Attackers create malware for serverless computing platforms like AWS Lambda
Malware authors move with the times when it comes to server-facing malware. Specifically, attackers are adopting the same technologies that their target organizations are using. Security researchers recently came across a cryptocurrency miner designed to run on AWS Lambda, a so-called serverless computing platform designed to run user-provided application code on demand.
“Although this first example is fairly benign as it only runs cryptomining software, it shows how attackers are using advanced cloud-specific knowledge to exploit complex cloud infrastructures and points to potential, more nefarious attacks in the future,” the researchers said Cado Security, who found the malware program, said in their report.
The Denonia malware
The malware, written in Go, goes by the name of Denonia and is distributed as a 64-bit ELF executable for Linux. Cado researchers don’t yet have any information on how the malware is delivered, but suspect compromised AWS credentials and secret keys could be involved.
Malware written in the Go programming language is not new and has become more prevalent in recent years as it offers attackers an easy way to make their malware cross-platform and self-contained. The downside is that the binaries are much larger as they must contain all the libraries that the program needs instead of dynamically linking with libraries already present on an operating system.
It also makes it easier to deploy your code to serverless computing platforms designed to support code in multiple programming languages. AWS Lambda natively supports Java, Go, PowerShell, Node.js, C#, Python, and Ruby.
Compared to traditional cloud computing, where users rent virtual machines and are responsible for managing them and their operating systems, Lambda and other similar offerings allow users to deploy code written in different programming languages and run on-demand based on events without concern is about managing the underlying computing infrastructure such as servers and operating systems.
Denonia was clearly built with Lambda in mind as it includes open source third party Go libraries built by AWS itself to interact with the platform: aws-sdk-go and aws-lambda-go. Additionally, when running, it checks for certain Lambda environment variables, such as: B. LAMBDA_SERVER_PORT and AWS_LAMBDA_RUNTIME_API.
“Nevertheless, during dynamic analysis, we found that the probe will continue to run outside of a Lambda environment (ie, on an Amazon vanilla Linux box) without any problems,” the Cado researchers said. “We suspect this is likely due to ‘serverless’ Lambda environments with Linux under the hood, so the malware thought it was running in Lambda (after we manually set the required environment variables) even though it was running in our sandbox .”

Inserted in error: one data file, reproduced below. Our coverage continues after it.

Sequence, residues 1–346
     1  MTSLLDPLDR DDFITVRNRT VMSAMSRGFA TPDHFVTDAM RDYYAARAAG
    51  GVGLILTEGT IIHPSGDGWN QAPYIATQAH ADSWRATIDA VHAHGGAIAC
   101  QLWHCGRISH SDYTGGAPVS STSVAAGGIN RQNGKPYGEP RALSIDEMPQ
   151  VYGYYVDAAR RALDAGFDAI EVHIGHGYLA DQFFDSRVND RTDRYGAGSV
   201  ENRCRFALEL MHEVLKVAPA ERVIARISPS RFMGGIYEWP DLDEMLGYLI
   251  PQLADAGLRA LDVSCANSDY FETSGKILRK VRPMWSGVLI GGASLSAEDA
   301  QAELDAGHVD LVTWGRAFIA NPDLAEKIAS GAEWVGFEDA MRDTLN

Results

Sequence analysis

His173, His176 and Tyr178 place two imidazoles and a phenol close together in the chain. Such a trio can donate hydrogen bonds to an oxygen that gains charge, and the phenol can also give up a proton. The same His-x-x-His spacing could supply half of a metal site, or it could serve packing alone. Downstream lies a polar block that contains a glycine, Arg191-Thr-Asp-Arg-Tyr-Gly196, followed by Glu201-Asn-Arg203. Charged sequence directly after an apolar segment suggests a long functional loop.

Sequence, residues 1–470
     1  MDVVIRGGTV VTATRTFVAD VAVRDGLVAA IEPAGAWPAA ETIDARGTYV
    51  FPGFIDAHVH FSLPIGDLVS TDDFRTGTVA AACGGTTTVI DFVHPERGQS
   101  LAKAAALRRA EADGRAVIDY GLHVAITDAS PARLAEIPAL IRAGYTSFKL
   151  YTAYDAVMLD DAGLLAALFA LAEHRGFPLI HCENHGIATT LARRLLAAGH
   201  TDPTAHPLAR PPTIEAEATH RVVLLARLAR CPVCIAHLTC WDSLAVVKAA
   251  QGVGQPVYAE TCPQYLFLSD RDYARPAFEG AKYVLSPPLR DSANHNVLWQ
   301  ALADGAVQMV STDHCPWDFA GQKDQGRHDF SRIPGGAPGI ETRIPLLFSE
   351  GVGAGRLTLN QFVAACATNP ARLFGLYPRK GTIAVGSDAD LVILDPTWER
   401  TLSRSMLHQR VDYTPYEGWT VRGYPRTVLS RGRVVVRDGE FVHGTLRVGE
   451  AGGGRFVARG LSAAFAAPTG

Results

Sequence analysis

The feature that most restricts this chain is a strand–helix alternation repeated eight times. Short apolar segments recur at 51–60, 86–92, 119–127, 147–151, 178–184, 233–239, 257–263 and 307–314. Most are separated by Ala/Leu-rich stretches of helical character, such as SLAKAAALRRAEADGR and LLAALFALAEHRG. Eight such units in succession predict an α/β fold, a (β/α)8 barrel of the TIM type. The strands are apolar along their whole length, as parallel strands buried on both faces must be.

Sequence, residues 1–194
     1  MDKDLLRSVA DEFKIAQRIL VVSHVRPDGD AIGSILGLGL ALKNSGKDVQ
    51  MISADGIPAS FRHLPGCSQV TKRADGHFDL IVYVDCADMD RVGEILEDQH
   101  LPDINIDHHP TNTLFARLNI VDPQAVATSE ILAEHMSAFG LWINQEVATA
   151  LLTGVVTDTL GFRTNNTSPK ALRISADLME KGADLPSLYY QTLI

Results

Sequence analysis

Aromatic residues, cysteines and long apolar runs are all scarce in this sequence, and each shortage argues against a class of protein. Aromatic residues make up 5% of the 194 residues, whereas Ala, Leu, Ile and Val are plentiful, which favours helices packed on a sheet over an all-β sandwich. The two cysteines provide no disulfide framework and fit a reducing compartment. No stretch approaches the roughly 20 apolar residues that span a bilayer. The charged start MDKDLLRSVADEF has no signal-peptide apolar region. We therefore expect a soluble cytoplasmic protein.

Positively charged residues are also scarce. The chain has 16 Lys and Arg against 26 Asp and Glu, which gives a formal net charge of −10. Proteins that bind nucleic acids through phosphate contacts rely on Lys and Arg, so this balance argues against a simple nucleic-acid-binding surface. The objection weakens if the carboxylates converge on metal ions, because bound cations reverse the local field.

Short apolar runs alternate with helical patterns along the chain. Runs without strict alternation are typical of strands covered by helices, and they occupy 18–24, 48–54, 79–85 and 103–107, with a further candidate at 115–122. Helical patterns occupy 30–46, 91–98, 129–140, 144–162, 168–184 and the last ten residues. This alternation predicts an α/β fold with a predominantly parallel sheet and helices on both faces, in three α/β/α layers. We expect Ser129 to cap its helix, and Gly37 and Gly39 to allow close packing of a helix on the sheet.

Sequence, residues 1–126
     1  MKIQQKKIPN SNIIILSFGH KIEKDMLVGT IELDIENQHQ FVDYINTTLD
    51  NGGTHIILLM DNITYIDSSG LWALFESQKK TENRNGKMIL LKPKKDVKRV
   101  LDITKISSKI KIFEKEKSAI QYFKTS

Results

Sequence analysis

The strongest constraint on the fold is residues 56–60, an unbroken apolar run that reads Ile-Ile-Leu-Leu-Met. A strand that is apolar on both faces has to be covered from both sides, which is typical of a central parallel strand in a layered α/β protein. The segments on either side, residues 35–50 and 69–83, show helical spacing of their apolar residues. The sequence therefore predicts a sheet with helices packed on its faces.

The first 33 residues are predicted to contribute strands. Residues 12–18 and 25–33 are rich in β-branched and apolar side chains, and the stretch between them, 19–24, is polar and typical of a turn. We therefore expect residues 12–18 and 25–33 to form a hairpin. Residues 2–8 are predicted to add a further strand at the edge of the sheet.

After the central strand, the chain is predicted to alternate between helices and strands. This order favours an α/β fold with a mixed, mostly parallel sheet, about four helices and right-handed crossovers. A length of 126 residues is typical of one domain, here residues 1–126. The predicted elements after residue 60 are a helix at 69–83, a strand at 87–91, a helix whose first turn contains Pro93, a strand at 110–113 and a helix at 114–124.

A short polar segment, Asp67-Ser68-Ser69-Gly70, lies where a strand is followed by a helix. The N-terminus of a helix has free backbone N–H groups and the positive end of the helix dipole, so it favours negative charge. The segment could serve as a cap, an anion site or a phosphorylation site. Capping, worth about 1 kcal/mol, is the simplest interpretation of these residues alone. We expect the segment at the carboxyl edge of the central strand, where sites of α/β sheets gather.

Covert communication complicates Denonia detection
The malware cloaks command-and-control traffic in DNS queries sent to an attacker-controlled domain and obfuscates those queries using DNS-over-HTTPS (DoH). DoH encrypts the content of DNS requests, so a traffic inspection mechanism only sees requests going to HTTPS DNS resolvers like cloudflare-dns.com or dns.google.com, and not the actual content of the queries. This makes detection more difficult and allows attackers to bypass Lambda environment settings that might not allow traditional DNS traffic over port 53.
The malware is basically a wrapper for XMRig, an open-source cryptocurrency mining program that has often been adopted by malware authors. This isn’t even the first time Lambda customers are addressed with XMRig, albeit via simpler scripts rather than complex malware like Dedonia. Cado researchers note that while the malware they analyzed dates back to February, they found an older one that was created on VirusTotal in January. So these attacks have been going on for a few months.
Serverless platforms like Lambda are a great resource for smaller organizations that don’t have the staff needed to manage and secure cloud VMs because the burden of server management is offloaded to the cloud provider. However, they are still responsible for protecting their credentials and access keys, or they may misuse large bills of their accounts.
“Short runtimes, the sheer volume of executions, and the dynamic and ephemeral nature of Lambda functions can make it difficult to detect, investigate, and respond to a potential compromise,” the Cado researchers warn. “As part of the AWS shared responsibility model, AWS secures the underlying Lambda execution environment, but it is up to the customer to secure the features themselves.”
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